Former Florida Governor Jeb Bush is attempting to reboot his campaign after a rough debate and a slide in the polls. Among the initiatives Bush is pushing in order to get a second look from Republican voters — a commission on religious liberty:
The committee was highlighted as a key voter engagement effort in a campaign strategy presentation given over the weekend attempting to quell a potential stampede of campaign money to Marco Rubio, who is rapidly gaining steam as the consensus electable GOP candidate. According to the campaign, the commission “will help Jeb identify threats to the First Amendment and assist in crafting strategies to protect our first freedom.”
To Bush’s credit, the commission appears to be more than just a headline grabbing gimmick. His campaign is recruiting some real social conservative heavy hitters to aid in the effort, including veterans from his brother’s administration:
Bush’s commission includes a number of prominent conservatives, including Jane Abraham, chair of the board of the Susan B. Anthony List, former House Majority Leader Eric Cantor, Catholic University’s Robert Destro, former U.S. Ambassador to the Holy See and Harvard University professor Mary Ann Glendon, former U.S. Ambassador to the Holy See and former U.S. Secretary of Veterans Affairs James Nicholson, Rev. Robert Schenck, a prominent evangelical and president of the National Clergy Council, and Jim Towey, the former director of the White House Office of Faith-Based and Community Initiatives.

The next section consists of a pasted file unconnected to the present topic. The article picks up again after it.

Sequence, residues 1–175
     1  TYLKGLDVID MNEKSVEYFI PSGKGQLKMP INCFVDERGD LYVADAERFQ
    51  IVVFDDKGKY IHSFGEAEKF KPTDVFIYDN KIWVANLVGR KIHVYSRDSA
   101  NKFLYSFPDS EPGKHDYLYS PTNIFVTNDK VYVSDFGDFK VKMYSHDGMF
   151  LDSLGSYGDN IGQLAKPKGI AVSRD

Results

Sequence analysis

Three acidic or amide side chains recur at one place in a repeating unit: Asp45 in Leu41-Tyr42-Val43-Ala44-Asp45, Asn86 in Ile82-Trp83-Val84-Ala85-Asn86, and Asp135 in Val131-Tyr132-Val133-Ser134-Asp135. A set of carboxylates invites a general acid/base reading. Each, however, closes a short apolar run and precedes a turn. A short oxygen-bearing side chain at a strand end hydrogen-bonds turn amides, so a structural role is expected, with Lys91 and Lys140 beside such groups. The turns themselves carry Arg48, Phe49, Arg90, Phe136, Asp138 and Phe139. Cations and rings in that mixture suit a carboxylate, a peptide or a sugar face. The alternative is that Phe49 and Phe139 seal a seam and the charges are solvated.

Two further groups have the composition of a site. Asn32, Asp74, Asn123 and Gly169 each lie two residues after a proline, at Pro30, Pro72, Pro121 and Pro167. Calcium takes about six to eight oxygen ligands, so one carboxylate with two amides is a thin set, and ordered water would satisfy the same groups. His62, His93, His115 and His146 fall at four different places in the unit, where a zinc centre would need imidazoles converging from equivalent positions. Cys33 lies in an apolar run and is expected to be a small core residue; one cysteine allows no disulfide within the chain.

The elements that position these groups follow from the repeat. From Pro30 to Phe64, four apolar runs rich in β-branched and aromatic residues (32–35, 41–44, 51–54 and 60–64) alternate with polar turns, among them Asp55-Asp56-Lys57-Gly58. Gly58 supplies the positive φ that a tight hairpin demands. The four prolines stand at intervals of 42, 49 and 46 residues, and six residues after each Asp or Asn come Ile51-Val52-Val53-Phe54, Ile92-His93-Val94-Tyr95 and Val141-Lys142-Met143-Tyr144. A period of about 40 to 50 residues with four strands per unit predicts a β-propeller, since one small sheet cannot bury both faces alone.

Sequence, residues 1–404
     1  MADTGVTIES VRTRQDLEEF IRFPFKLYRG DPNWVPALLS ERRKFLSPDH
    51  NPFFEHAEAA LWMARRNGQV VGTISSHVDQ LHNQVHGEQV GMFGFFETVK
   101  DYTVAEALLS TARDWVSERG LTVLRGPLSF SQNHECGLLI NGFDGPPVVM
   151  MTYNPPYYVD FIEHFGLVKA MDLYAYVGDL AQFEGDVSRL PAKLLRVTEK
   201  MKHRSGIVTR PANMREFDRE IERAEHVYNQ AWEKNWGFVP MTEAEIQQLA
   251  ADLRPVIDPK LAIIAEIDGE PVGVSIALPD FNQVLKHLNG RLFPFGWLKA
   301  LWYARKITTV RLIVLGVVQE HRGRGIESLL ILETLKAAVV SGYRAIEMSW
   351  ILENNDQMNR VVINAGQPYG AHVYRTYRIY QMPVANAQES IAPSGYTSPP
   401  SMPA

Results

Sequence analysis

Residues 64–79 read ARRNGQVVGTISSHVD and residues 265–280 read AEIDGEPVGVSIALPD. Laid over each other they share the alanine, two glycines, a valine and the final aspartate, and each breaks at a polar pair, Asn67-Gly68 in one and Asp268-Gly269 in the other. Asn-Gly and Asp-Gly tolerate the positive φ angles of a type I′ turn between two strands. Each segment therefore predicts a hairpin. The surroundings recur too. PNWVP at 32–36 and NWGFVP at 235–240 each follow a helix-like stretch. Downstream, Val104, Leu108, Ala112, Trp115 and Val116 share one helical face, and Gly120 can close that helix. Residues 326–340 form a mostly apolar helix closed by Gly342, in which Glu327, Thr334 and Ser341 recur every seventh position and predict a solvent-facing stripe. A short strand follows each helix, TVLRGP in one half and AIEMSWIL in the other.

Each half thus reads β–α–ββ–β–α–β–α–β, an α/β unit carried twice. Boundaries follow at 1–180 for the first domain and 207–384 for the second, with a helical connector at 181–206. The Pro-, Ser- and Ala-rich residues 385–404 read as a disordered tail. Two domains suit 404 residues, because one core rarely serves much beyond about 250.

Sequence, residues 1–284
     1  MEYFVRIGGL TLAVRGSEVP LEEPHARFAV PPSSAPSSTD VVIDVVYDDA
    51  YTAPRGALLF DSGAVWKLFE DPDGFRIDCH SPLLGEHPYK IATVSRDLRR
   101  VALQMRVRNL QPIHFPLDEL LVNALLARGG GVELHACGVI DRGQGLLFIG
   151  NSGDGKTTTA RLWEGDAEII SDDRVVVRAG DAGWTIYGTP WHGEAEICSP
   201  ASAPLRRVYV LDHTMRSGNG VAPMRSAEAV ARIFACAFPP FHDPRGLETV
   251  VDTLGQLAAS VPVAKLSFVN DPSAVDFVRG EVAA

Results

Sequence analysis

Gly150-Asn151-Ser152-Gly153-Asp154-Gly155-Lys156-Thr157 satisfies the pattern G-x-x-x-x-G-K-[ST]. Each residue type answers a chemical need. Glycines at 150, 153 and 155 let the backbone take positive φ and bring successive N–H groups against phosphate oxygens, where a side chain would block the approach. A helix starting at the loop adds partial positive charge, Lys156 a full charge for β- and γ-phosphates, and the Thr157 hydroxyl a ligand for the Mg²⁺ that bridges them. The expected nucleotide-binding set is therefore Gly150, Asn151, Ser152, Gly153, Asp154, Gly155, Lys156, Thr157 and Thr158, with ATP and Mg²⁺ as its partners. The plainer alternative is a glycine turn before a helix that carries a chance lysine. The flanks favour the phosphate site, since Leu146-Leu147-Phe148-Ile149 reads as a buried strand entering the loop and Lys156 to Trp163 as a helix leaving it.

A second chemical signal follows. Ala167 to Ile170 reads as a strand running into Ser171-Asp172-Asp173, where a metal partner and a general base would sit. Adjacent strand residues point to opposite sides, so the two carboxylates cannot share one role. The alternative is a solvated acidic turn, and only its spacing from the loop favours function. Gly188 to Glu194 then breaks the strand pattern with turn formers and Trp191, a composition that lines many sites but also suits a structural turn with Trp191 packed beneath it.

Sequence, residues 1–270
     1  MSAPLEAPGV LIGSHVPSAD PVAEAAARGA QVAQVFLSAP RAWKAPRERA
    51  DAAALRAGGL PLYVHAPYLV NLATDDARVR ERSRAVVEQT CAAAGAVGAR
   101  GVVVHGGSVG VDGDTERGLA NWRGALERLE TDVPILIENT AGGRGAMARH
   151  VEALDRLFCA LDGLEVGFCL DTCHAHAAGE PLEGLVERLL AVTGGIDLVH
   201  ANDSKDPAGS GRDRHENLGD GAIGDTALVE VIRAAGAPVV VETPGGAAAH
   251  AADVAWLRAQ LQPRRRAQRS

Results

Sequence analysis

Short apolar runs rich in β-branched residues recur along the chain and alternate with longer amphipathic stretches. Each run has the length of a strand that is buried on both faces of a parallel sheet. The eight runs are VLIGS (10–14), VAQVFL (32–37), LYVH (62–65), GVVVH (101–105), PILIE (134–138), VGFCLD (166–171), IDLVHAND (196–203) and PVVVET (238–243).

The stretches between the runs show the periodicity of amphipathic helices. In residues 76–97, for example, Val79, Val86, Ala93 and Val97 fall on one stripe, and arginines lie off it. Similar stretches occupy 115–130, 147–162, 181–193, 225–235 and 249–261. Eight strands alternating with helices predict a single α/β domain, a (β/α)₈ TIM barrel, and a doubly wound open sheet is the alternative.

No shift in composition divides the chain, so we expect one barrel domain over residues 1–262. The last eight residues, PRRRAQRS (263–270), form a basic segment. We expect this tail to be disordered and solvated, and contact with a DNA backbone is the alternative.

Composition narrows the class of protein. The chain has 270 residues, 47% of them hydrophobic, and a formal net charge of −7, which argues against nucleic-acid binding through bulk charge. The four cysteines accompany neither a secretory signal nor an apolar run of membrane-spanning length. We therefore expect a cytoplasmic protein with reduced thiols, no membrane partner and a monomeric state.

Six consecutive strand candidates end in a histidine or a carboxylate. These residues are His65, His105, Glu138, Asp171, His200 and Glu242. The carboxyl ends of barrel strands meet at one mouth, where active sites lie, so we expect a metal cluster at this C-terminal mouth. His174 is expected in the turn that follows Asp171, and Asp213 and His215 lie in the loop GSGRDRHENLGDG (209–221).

Many of the most high-profile figures on the commission actually date back to the administration of he-who-shall-not-be named: George W. Bush. Glendon, Nicholson, and Francis Rooney, were all ambassadors to the Holy See during the Bush administration, while Towey was the head of Bush’s faith-based office. Jane Abraham’s husband Spencer Abraham was Bush’s Secretary of Energy. And it was Nicholson who as head of the RNC during the 2000 election cycle spearheaded W’s then-groundbreaking, highly orchestrated outreach to conservative Catholics on issues like abortion and same-sex marriage.
But one question Bush has yet to answer: would he pass the First Amendment Defense Act?
Nick Arnold is a researcher for the American Principles Project.